Food is so much more complex than what we eat and like so many things in life, there is no shortcut to a well-balanced eating-lifestyle. The first step is just being conscious that your behaviour while eating can impact your health, alongside what you’re eating. Sometimes it’s a good idea to sit back, relax and savour every mouthful.

Vicky,

Vicky has a degree in Biological Sciences with a focus on biochemistry and immunology and is currently studying for a  MSc in Drug Discovery and Protein Biotechnology.  She is also an endurance athlete.

1.     Schmidt, 2015. Mental health: thinking from the gut.

2.     Alcock, 2014. Is eating behaviour manipulated by the gastrointestinal microbiota? Evolutionary pressures and potential mechanisms.

3.     Ogden, 2012. The Meaning of Food (MOF): the development of a new measurement tool.

4.     Mason, 2015. Effects of a mindfulness-based intervention on mindful eating, sweets consumption, and fasting glucose levels in obese adults: data from the SHINE randomised controlled trial.  

5.     Chung, 2016. Weight loss with mindful eating in African American women following treatment for breast cancer: a longitudinal study.

6.     Hendrickson, 2013. Effects of mindful eating training on delay and probability discounting for food and money in obese and healthy-weight individuals.

7.     Ogden, 2013. Distraction, the desire to eat and food intake. Towards an expanded model of mindless eating.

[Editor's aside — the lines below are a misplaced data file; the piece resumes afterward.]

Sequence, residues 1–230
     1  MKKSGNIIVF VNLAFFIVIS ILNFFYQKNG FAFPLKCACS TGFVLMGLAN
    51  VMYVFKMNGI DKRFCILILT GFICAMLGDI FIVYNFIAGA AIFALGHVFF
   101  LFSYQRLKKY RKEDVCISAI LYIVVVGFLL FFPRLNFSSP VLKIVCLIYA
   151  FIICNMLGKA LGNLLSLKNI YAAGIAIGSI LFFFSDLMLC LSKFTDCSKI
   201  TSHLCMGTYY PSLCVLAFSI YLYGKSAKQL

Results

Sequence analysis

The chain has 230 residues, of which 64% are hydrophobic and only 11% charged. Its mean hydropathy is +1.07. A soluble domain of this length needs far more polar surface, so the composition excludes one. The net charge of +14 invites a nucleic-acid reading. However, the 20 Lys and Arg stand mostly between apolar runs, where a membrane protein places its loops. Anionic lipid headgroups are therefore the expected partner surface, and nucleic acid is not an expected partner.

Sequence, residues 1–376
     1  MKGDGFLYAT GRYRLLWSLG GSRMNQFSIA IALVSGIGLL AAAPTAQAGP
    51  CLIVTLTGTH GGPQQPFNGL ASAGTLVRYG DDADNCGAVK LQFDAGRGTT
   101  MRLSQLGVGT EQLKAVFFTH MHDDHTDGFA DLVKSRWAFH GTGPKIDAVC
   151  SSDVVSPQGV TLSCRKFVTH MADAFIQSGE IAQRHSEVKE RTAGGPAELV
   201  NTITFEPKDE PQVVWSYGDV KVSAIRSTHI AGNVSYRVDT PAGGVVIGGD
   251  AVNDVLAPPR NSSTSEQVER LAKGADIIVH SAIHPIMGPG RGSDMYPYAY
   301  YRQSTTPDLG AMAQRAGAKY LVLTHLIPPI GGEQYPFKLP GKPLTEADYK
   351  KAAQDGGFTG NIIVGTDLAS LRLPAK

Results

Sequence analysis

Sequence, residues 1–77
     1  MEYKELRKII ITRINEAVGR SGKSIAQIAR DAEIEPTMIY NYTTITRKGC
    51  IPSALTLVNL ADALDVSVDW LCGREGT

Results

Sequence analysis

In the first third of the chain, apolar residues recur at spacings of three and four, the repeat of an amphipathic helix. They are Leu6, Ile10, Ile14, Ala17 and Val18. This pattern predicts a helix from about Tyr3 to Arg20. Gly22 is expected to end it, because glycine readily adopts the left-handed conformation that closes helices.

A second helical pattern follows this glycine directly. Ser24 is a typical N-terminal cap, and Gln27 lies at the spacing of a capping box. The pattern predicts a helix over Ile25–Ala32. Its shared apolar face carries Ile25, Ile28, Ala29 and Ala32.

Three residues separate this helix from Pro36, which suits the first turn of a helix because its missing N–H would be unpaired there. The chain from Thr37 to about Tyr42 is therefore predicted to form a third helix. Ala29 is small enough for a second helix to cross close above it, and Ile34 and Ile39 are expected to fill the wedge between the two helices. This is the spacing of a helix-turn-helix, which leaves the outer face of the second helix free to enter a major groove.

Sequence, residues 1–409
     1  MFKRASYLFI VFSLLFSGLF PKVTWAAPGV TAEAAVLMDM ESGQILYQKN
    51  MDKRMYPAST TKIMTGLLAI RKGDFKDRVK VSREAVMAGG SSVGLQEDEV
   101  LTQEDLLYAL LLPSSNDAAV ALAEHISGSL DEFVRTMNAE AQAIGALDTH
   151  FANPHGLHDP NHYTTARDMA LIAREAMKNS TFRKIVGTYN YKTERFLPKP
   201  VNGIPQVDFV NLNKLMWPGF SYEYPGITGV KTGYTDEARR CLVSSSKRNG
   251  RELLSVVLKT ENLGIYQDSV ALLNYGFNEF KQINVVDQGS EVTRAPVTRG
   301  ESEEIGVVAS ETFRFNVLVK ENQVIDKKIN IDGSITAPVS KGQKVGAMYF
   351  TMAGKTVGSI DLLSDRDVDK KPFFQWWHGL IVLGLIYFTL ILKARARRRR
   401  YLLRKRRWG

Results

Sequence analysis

8.     Naska, 2015. Eating out is different from eating at home among individuals who occasionally eat out. A cross-sectional study among middle-aged adults from eleven European countries.

9.     Hajna, 2014. Associations between family eating behaviours and body composition measures in peri-adolescents: results from a community-based study of school-aged children.

10.  Fiese, 2011. Is frequency of shared family meals related to the nutritional health of children and adolescents?

11.  CASA, 2010. The importance of family dinners VI. The National Center on Addiction and Substance Abuse, Columbia University.

12.  Eisenberg, 2004. Correlations between family meals and psycosocial well-being among adolescents.

13.  Musick, 2012. Assessing causality and persistence in associations between family dinners and adolescent well-being.

14.  Yang, 2014. Support, social strain and inflammation: evidence from a national longitudinal study of U.S. adults.

15.  Ogden, 2015. Distraction, restrained eating and disinhibition: An experimental study of food intake and the impact of ‘eating on the go’

16.  Headspace, 2016. www.headspace.com